Adding Humanity To Your Brand


Most normal (whatever that means) human beings don’t usually fall in love with inanimate objects. We fall in love with human beings, with all of their emotions and imperfections and insecurities.

We connect with great songs expose those deeply personal emotions, things you’d be reluctant to even tell your closest friends.

You can feel both the immense joys and dark fears of fatherhood in “Beautiful Boy” by John Lennon.

Foster The People’s “Pumped Up Kicks” takes you inside the twisted mind of a troubled teen about to exact revenge on those who bullied him.

“Check It Out” by John Mellencamp laments the arrival of mid-life, when you have every material thing you want but “you can’t tell your best buddy that you love him“.

It takes real courage to write and sing stuff like that, to expose and share your fears, weaknesses, and vulnerabilities… the same ones all of us have but are afraid to acknowledge. Sure, we act like we’re perfect, but we’re all wonderfully imperfect, just like Seth Godin’s cool new book title… “We Are All Weird”.

Brands that expose some of those same imperfections are the ones who take that leap from inanimate object to human qualities.

The brilliant Chrysler “Imported From Detroit” campaign did that, acknowledging that American automakers had let quality slide and vowing to make owning an American car a thing of pride once again. It recognized what we were already thinking about American manufacturers and Detroit itself instead of trying to sell us something we didn’t believe. Truth is a very human trait.

The concept of making inanimate objects human isn’t new. Leonardo Da Vinci intentionally blurred the lines on his paintings, giving the Mona Lisa a sense of human imperfection and motion.

What is your brand doing to add human qualities to your business?

Are you being honest and real in your marketing? Do you sometimes expose flaws or admit obvious realities?

Does your advertising speak to people in real worlds, or cliches and ad-speak?

Do you speak with your customers, taking the opportunity to turn unsatisfied customers into lifelong fiends of your brand?

If you aren’t being human, you shouldn’t expect human beings to fall in love with you anytime soon.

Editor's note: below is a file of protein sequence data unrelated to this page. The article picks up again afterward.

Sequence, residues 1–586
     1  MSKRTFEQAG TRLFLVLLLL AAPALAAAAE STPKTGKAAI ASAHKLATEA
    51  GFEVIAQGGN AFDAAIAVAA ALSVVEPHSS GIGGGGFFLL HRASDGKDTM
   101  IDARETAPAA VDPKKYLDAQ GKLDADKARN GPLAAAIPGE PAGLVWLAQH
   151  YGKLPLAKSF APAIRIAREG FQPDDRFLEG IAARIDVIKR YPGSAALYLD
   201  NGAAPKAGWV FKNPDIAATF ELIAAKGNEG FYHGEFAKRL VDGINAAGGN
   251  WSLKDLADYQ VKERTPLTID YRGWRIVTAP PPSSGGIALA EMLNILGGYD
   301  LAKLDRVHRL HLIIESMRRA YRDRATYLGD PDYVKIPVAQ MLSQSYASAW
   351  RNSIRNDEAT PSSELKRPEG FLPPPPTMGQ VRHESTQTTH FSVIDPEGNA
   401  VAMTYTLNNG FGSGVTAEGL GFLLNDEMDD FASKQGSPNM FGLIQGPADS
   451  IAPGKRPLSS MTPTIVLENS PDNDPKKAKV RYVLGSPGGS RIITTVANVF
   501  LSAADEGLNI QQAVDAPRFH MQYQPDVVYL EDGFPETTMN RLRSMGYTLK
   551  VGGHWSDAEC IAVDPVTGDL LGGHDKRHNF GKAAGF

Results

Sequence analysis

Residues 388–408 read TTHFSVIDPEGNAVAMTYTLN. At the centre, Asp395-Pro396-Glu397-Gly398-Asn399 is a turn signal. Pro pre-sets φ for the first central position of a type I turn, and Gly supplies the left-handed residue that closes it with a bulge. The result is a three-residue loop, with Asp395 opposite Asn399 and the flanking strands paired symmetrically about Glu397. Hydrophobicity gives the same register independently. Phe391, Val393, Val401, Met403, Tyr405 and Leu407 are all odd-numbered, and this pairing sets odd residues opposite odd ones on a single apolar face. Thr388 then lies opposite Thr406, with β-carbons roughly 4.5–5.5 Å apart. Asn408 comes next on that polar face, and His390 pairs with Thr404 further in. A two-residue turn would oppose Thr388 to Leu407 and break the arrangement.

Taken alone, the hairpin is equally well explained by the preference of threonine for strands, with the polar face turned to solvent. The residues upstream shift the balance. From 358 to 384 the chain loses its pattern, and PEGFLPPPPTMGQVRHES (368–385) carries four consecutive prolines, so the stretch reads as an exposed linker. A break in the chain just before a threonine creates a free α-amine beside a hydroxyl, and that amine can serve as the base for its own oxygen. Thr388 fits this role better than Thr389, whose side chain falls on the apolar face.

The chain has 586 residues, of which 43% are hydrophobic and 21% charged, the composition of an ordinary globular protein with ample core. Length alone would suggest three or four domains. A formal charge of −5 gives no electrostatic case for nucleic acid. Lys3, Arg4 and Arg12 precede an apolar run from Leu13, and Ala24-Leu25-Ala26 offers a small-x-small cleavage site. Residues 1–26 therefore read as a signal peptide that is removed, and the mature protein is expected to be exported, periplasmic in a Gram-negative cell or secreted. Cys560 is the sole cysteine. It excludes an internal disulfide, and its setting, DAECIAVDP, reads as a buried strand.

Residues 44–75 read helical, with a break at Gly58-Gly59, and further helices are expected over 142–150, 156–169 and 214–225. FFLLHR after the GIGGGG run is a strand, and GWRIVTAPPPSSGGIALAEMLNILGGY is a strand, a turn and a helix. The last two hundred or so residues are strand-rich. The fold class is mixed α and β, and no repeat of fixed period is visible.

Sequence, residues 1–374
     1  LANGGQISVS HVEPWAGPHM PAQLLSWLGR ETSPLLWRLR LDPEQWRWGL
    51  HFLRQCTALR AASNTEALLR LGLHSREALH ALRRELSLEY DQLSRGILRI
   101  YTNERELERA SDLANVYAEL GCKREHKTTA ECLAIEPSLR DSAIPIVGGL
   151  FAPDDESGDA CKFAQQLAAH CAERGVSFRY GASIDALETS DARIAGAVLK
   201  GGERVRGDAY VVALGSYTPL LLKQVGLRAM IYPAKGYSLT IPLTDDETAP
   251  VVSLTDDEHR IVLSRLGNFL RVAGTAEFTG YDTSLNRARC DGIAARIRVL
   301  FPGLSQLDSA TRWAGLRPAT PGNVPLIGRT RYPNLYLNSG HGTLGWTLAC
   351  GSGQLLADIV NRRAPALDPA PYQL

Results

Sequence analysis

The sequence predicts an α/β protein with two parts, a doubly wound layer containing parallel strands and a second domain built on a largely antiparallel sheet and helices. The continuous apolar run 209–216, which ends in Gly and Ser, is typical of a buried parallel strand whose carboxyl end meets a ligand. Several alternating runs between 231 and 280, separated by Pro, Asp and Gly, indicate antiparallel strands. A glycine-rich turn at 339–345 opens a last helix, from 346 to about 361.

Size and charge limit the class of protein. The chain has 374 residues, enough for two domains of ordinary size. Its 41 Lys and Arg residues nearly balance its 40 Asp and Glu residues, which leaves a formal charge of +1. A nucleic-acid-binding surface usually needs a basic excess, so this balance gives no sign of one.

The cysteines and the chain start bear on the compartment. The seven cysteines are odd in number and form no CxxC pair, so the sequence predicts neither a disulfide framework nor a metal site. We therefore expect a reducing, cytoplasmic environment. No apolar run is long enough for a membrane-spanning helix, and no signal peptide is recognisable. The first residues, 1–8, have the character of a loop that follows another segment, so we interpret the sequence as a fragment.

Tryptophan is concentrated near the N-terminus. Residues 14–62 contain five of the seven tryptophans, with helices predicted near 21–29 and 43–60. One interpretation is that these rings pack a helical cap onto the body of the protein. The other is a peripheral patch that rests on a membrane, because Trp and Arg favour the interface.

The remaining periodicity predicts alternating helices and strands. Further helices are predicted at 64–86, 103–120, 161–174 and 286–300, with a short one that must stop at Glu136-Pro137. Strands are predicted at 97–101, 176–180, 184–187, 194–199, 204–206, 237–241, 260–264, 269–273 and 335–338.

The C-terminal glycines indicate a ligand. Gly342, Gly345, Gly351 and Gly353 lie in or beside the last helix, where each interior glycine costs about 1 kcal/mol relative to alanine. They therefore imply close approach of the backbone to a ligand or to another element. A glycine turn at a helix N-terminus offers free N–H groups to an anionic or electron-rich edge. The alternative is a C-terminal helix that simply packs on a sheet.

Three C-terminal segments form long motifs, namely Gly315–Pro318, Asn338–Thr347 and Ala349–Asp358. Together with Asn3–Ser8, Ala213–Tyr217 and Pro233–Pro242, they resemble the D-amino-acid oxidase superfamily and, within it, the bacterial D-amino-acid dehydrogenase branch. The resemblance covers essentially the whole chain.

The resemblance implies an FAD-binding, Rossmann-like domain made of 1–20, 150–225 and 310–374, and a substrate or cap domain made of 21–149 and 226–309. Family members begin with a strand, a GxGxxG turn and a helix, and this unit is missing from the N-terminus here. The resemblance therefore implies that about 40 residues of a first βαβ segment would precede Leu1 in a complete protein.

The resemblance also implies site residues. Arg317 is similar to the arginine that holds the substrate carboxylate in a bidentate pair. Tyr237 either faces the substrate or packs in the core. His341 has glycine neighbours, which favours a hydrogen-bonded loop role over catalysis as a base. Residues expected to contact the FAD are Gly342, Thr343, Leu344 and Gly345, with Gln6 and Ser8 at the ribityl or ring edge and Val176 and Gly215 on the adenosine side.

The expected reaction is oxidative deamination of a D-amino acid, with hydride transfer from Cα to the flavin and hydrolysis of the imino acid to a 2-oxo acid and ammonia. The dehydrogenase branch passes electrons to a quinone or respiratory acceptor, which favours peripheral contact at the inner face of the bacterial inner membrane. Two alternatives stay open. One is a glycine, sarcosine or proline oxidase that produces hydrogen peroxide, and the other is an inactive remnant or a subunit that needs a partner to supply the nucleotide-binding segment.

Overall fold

Buckley's, Chrysler, Davinci, Foster The People, John Lennon, John Mellencamp 146 Comments

The Power of What You Leave Out

One of rock’s greatest albums.  Nothing written on the front of it.  No band name.  No album name.

Would Zeppelin IV have been a bigger success if they would have written “Led Zeppelin” across the front?  Not likely.

One of the very cool aspects of this classic album is the mystery behind the strange cover.

How about this album?

It didn’t have a name either.

Would it have been bigger if they would have called it “A Doll’s House” as originally planned?  Nope.  Part of the mystique of  “the white album” is that it wasn’t called officially ”the white album”.  It wasn’t called anything at all.

The lack of anything on the front, other than the text “The BEATLES” and a serial number, is part of the legacy of the album.

The Beatles and Led Zeppelin tapped into the power of the incomplete.
Leondardo Davinci called it “sfumato“, which loosely translated means “smoky”.  He made the lines on the Mona Lisa’s face intentionally smoky, blurred, and almost incomplete in order to engage the mind.
Michaelangleo called it “non-finito” or “unfinished”.  He left sculptures partially entombed in stone and intentionally left many things looking unfinished in order to capture your attention.
In-N-Out Burger calls it the “secret menu“.  Actually, they don’t.  Their customers do.  In-N-Out Burger only has four food items (besides drinks) on their menu.
Yet there are literally dozens of “secret” menu items you can order.  The menu never acknowledges them.  Their staff never talk about them.  Yet you can walk into any In-N-Out Burger and ask for “The Flying Dutchman” or a “3 By Meat, Animal Style” and you’ll get exactly what you asked for.
Part of the allure of In-N-Out Burger is the secret menu.  And thanks to the internet, the secret menu is hardly secret anymore.  In-N-Out has attempted to address that by denying a secret menu exists.  They offer an explanation here.
Why does this work?

The human mind hates loose ends.  We watch bad movies right to the end because we would rather put up with a crappy movie rather than deal with not knowing what happened.   When we see the Mona Lisa, we see a truly human face because our mind completes the picture beneath the smoky lines.  We are engaged.

What does your brand intentionally leave out?
Do your customers have a secret menu to order from?

Have you had the guts to release an album without your name on it?

Creating a little mystery around your brand will go a long way toward engaging the mind of your customers.
Davinci, In-N-Out Burger, Led Zeppelin, Michaelangelo, The Beatles 235 Comments